Superintendent Press Release September 15, 2023
Dear Cedar Bluffs Families,
Last month Cedar Bluffs PreSchool through 5th grade students participated in a book blast where we had 80% participation and raised over $25,000 for reading awareness. Every student in grades PreSchool through 5th grade will receive between 6 and 10 free books depending upon their grade level. Six teachers received $100 gift certificates to buy books for their classroom and the school received another $300 for its library. Great program and great job reading students.
Next month our accelerated reading program will be up and running also. This program encourages reading among all students and provides incentives for books read. The Center for Public Education states, “Reading is the Open Sesame for acquiring knowledge: learn to read, and you can read to learn just about anything.”
Children begin the process of learning to read long before entering school as they acquire vocabulary and background knowledge. But when they enter school, it is not long before they can and must use reading skills and strategies to learn all about the world around them in every subject and content area. As you read, you come across new words, phrases and writing styles that helps you improve vocabulary. By reading, young people encounter new words more frequently and sometimes repetitively and therefore can see them better in their context. Kids who are encouraged to read at an early age have better comprehension of things around them.
The more you read, the more imaginative you become. Whenever you read a fiction book, it takes you another world. In the new world, your imagination works at its best as you try to see things in your own mind. Another benefit of reading books is the ability to develop critical thinking skills. For example, reading a mystery novel sharpens your mind. What elements are there in a story to make this or that conclusion. Or if a book is non-fiction you will sometimes ask yourself if the author is right. Critical thinking skills are crucial when it comes to making important day to day decisions. Reading requires an individual to think and process information in a way that watching television can’t. The more you read, the deeper your understanding becomes about what you’re reading and its application. Furthermore, every time you read a book, you must remember the setting of the book, the characters, their backgrounds, their history, their personalities, the sub-plots and so much more. As your brain learns to remember all this, your memory becomes better. What’s more, with every new memory you create, you create new pathways and this strengthens the existing ones.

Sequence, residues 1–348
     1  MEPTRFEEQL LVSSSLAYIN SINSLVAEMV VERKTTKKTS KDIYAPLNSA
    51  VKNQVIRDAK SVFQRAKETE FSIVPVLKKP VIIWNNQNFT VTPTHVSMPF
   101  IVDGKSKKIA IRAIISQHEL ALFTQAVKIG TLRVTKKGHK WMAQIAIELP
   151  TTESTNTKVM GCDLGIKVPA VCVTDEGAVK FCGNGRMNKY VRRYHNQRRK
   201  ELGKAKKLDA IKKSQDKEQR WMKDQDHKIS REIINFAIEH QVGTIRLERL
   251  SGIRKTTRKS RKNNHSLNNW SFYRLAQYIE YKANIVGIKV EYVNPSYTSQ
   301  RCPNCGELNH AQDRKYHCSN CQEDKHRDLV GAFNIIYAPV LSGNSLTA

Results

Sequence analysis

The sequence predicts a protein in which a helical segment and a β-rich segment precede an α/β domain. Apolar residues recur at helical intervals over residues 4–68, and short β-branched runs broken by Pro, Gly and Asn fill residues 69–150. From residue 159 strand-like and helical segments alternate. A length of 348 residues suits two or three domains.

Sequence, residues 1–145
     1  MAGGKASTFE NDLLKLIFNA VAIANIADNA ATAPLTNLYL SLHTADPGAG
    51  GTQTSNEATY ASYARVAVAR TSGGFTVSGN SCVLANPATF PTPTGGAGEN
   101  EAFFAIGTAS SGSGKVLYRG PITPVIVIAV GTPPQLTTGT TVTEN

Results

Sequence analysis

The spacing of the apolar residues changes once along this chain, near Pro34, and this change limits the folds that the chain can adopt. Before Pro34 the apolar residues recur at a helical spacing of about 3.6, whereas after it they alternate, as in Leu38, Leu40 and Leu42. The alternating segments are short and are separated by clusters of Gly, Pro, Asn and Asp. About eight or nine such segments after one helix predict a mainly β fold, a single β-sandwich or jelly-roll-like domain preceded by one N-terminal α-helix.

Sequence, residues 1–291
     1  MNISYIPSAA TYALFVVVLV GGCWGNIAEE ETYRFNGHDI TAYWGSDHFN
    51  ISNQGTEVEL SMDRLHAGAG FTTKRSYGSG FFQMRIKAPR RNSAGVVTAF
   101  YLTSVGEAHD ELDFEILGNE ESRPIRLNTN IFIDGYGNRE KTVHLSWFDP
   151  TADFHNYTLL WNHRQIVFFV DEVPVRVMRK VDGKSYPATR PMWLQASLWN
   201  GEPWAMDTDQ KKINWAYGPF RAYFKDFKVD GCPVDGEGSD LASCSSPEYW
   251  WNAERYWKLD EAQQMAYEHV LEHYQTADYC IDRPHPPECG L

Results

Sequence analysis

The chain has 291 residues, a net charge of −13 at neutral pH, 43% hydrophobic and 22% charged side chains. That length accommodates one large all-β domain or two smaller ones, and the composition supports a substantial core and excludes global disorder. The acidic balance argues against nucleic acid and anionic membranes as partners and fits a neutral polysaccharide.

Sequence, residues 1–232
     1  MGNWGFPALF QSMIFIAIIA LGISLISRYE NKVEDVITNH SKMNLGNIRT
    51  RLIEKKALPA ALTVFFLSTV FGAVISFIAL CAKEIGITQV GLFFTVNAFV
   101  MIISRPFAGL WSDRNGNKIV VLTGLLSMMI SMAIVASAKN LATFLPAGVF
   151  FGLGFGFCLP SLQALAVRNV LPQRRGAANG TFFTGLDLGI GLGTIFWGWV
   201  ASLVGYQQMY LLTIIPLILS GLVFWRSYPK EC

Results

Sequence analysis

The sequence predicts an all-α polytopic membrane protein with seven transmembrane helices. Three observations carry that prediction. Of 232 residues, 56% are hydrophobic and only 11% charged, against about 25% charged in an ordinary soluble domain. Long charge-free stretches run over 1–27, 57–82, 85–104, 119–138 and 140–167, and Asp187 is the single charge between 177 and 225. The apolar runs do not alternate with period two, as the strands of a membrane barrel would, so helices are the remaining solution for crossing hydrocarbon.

So hopefully everyone will help support our new accelerated reading program.
Have a great weekend - Wildcat Pride!